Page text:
Colombian Army and National Police Search for Illegal Refineries

Capacity Building

The tools used for stealing and refining crude oil are rudimentary and easily obtained in any hardware store. (Photo: Pegasus Task Force, Colombian Army)

The theft of crude from pipelines to illegally process hydrocarbon and convert it into gasoline has become a common crime in the country. It is calculated that 662 barrels of crude per day are lost this way.

According to Brigadier General Alberto Tafur García, the commander of the Pegasus Task Force of the Colombian Army (ENC, per its Spanish acronym) assigned to the department of Nariño, the operation was conducted on July 27th. It required exhaustive intelligence work that led to the recovery of 40,000 gallons of oil that had been stolen from the Trans-Andean Pipeline, and 1,320 gallons of refined gasoline that had been processed.

“The theft of crude has been ongoing for many years now. Some of the country’s oldest pipelines run over land and are susceptible to attacks from organized armed groups [GAO, per its Spanish acronym],” Brig. Gen. Tafur said. “They drill through the tube [in the pipeline] and install 1.5-inch valves connected to 1,000-meter-long hoses that take the stolen fuel where they want. It’s not specialized work, but it causes a lot of harm.”

Through this criminal activity, GAO seek to commercialize the fuel or use it as supply in the cocaine-production process. It is a type of gasoline that is not used in vehicles due to its low-grade, although it is also sold for that purpose in some southern parts of the country.

From each 42-gallon barrel of crude that is illegally extracted, only 20 percent is used, since the refining process is rudimentary and inefficient. The rest is dumped directly into the aquifer and croplands. The result has a detrimental environmental impact in the region.

The actions taken by ENC in 2017 have exceeded last year’s results, with 13 illegal valves found near dwellings in various municipalities and the destruction of 77 illegal refineries, 174 distillation towers, 84 pools for storing crude, and five explosive devices that had been installed to block ENC’s advance. Also seized were 114,000 gallons of distilled gasoline and 4,718 gallons of diesel fuel, and 127,000 gallons of crude were recovered.

Prevention, the best option

Police Colonel Luis Quintero is the commander of the Special Hydrocarbon Operations Group in Colombia. In coordination with ENC, the group is responsible for stopping the theft and the illegal refinery.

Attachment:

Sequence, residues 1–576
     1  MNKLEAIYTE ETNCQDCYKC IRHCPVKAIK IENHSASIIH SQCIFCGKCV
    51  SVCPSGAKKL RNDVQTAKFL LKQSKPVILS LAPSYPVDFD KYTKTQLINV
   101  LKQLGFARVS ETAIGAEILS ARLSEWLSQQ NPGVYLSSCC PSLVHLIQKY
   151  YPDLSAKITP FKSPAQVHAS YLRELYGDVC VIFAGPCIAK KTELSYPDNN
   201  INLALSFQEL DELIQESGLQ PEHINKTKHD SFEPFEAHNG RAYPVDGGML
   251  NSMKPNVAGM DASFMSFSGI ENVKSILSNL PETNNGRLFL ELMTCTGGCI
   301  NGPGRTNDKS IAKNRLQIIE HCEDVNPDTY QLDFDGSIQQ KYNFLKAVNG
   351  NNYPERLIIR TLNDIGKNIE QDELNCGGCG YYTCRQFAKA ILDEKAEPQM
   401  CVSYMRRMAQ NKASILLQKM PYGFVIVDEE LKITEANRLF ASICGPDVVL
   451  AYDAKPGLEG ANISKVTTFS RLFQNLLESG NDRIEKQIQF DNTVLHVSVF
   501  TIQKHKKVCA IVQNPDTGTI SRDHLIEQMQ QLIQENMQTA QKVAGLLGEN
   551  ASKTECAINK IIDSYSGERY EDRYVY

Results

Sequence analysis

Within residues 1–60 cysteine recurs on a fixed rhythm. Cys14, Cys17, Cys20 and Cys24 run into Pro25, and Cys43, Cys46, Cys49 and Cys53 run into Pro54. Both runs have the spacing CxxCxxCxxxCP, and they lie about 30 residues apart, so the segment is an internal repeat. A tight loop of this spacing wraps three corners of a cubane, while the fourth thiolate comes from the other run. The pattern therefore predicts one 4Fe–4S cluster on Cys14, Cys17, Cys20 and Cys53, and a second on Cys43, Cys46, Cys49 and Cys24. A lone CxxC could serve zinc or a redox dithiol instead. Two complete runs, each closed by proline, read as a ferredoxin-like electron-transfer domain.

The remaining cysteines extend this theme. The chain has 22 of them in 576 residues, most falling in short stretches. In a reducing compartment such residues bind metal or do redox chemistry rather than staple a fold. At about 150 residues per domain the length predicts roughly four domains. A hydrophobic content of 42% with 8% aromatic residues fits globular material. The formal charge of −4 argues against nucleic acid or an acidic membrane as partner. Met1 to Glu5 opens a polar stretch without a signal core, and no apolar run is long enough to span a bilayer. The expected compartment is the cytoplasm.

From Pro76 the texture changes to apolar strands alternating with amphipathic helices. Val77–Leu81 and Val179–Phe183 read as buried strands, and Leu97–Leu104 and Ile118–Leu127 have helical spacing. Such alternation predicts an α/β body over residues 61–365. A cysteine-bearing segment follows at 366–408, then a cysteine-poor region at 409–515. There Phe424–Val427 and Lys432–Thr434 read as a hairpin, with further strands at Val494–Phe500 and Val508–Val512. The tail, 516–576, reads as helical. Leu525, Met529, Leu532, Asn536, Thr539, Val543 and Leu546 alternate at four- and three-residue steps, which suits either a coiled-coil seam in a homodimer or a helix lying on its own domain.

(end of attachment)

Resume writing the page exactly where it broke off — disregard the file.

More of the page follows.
“Our work consists of preventing the commandeering of the tube by GAO. That’s why we patrol a large length of the pipeline day and night and why we do pipeline surveillance operations meter by meter,” Col. Quintero said. “We also conduct intensive intelligence work to determine the zones where this crime is more likely to occur. These operations, in coordination with the Colombian Army, led us to find this refinery in Nariño, one of the largest that we’ve found this year.”

The crime of illegally extracting crude is done by perforating the pipeline to install valves connected to hoses that carry the fuel several kilometers away to illegal refineries. There, it is stored in special pools for treating the crude in distillation towers and converting it into gasoline.

“Once the valve is installed, the criminals try to hide the hose underground so that we don’t get to the refineries, which can be located 500 to 3,000 meters away,” Col. Quintero said. “So far this year, we’ve seized 25,000 meters of hose that led to their respective refineries.”

“One reason why it’s so hard to find the valves is that they are very close by or even inside homes,” Brig. Gen. Tafur added. “The age of the Trans-Andean Oil Pipeline has given folks enough time to settle in areas that are close to the tube.”

Vulnerable pipelines

The Trans-Andean Oil Pipeline is one of the oldest in the country. It carries heavy crude for 305 kilometers from Orito, in Putumayo, to the sea terminal in the municipality of Tumaco, in Nariño. The pipeline crosses mountains that are more than 3,000 meters above sea level. The Caño Limón-Coveñas Pipeline, however, is 780 kilometers long, running from the department of Arauca to the department of Sucre, along Colombia’s Caribbean coastline.

“It’s hard to detect an illegal refinery not only because of the great length of the pipeline or the jungle and altitude conditions but because the Trans-Andean and Caño Limón-Coveñas pipelines carry heavy crude,” Col. Quintero said. “It’s impossible to determine a change in pressure in the flow of the tube when an illegal valve is installed, as occurs with the transportation of light fuels such as naphtha, gasoline, or natural gas.”

On the other hand, the theft of crude and its refinement are done simply and in an artisanal way. The tube is perforated with a household drill to install a stopcock commonly used for water. The distillation towers are built with mesh and 55-gallon containers. With a bit of heat, the process of distilling crude to turn it into gasoline begins.

“The challenge to overcoming this persistent crime lays in reinforcing our joint intelligence work for removing some of the homes that have been built illegally over the pipeline,” Brig. Gen. Tafur concluded. “At times, it may be the case that no one lives in the dwelling but that is where the valve is located.”

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